Country of Publication:
United States
Language:
English
Subject:
37 INORGANIC, ORGANIC, PHYSICAL, AND ANALYTICAL CHEMISTRY; nuclear (including radiation effects), materials and chemistry by design, synthesis (novel materials), synthesis (self-assembly)

Citation Formats

Diwu, J., Good, Justin J., DiStefano, Victoria H., and Albrecht-Schmitt, Thomas E. Self-Assembly of Hexanuclear Clusters of 4f and 5f Elements with Cation Specificity. United States: N. p., 2011. Web. doi:10.1002/ejic.201100066.
Diwu, J., Good, Justin J., DiStefano, Victoria H., & Albrecht-Schmitt, Thomas E. Self-Assembly of Hexanuclear Clusters of 4f and 5f Elements with Cation Specificity. United States. doi:10.1002/ejic.201100066.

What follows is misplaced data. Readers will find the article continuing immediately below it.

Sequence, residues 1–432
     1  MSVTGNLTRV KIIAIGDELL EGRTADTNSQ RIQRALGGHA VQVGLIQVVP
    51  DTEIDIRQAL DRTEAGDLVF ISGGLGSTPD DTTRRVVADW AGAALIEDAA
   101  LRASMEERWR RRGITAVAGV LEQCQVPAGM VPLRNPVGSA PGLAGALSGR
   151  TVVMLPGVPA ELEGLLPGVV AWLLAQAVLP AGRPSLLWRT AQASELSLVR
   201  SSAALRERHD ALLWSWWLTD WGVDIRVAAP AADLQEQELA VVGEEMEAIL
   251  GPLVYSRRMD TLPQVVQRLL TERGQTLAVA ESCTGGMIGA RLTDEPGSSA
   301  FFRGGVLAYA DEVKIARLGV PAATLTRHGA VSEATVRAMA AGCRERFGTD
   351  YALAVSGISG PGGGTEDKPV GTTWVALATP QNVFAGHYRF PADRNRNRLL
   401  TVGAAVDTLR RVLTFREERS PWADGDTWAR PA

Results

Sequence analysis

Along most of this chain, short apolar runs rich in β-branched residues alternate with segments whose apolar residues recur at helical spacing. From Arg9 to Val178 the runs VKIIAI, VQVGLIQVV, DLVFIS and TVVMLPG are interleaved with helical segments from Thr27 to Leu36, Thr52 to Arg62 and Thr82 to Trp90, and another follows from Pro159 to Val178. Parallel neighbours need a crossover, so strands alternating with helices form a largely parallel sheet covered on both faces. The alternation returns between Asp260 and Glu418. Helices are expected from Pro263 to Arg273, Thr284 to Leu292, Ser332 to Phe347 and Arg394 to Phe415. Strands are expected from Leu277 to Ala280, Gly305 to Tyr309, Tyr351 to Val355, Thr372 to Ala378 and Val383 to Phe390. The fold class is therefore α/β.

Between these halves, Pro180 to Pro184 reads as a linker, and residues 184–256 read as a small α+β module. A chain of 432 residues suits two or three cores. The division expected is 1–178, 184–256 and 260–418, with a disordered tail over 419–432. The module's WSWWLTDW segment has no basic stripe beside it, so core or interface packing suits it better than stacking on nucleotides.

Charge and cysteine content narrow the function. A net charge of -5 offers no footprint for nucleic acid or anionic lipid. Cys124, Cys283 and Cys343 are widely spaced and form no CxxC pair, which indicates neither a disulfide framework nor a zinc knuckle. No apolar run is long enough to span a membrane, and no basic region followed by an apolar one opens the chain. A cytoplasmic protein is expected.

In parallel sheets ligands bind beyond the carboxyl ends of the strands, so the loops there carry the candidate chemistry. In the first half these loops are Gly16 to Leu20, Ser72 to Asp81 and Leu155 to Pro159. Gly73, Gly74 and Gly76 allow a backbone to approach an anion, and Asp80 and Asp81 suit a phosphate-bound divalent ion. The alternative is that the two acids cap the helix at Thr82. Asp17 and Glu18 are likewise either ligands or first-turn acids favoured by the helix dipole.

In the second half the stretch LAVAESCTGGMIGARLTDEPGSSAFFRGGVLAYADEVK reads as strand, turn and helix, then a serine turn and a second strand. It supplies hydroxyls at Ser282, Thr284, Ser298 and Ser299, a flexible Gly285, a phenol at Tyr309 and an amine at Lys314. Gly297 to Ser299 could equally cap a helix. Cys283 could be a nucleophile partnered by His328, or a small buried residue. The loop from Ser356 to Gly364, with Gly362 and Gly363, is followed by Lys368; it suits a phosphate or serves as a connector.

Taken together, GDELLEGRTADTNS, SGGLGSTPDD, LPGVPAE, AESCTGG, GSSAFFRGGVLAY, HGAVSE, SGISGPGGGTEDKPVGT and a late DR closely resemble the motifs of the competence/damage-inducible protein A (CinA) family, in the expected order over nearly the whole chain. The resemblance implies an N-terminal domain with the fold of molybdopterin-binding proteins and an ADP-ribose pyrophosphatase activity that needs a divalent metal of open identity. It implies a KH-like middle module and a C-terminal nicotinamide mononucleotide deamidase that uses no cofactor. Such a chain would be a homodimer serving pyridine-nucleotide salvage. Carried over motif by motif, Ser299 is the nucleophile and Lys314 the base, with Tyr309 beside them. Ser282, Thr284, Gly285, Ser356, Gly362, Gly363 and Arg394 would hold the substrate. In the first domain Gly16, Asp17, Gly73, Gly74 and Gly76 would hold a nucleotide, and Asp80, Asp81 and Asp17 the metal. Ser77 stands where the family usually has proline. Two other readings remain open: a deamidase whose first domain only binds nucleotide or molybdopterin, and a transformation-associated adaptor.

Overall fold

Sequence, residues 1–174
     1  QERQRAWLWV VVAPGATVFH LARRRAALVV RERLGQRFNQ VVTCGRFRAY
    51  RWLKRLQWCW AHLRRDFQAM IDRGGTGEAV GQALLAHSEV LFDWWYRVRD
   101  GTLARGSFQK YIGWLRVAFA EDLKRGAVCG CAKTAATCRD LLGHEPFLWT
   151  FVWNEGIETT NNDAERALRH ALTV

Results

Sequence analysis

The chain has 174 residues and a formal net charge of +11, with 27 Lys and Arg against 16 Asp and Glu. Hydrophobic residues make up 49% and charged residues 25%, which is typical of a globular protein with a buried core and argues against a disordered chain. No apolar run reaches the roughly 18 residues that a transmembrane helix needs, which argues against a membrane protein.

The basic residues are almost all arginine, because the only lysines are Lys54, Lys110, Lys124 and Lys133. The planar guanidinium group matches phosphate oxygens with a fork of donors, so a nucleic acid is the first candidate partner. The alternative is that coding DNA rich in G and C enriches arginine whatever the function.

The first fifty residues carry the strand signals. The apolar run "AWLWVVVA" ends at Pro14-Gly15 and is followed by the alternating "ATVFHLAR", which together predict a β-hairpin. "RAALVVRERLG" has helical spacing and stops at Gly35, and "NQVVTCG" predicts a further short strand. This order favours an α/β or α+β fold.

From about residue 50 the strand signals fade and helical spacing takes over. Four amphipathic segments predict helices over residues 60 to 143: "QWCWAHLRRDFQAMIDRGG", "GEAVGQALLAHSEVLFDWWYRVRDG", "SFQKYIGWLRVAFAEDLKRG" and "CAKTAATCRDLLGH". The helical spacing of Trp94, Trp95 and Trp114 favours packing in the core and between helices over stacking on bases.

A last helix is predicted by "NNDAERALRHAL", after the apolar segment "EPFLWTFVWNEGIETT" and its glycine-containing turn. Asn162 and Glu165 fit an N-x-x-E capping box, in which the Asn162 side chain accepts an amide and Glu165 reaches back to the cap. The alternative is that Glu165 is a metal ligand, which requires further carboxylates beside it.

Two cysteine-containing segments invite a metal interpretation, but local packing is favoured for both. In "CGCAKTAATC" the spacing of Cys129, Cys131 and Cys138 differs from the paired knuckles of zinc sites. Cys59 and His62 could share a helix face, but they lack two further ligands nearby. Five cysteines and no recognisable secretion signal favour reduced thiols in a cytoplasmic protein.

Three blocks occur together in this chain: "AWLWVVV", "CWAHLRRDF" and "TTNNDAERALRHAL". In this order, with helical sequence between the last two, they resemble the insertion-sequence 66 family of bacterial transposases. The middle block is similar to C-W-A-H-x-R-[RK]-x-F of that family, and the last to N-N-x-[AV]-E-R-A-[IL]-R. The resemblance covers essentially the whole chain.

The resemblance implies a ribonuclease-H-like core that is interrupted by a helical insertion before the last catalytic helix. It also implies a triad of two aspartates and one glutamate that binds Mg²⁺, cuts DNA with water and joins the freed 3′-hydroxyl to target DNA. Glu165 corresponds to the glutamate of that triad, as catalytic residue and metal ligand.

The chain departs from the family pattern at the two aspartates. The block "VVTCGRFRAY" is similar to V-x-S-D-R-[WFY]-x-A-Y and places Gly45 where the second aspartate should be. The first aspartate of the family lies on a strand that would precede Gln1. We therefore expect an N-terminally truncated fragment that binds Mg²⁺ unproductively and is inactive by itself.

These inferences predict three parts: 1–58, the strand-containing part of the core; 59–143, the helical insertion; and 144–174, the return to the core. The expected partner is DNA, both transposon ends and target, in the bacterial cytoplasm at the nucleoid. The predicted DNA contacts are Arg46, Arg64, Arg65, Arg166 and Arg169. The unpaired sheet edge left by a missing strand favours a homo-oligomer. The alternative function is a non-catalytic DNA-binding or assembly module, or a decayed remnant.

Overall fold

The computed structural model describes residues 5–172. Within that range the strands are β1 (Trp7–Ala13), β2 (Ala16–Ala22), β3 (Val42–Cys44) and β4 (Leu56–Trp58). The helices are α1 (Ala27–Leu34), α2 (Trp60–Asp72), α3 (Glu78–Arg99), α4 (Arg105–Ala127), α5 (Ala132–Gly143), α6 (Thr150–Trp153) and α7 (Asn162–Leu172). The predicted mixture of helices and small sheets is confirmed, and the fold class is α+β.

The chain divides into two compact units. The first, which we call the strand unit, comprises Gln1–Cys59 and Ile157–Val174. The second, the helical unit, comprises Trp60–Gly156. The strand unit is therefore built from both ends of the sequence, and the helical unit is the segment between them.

Diwu, J., Good, Justin J., DiStefano, Victoria H., and Albrecht-Schmitt, Thomas E. 2011. "Self-Assembly of Hexanuclear Clusters of 4f and 5f Elements with Cation Specificity". United States. doi:10.1002/ejic.201100066.
@article{osti_1064913,
title = {Self-Assembly of Hexanuclear Clusters of 4f and 5f Elements with Cation Specificity},
author = {Diwu, J. and Good, Justin J. and DiStefano, Victoria H. and Albrecht-Schmitt, Thomas E.},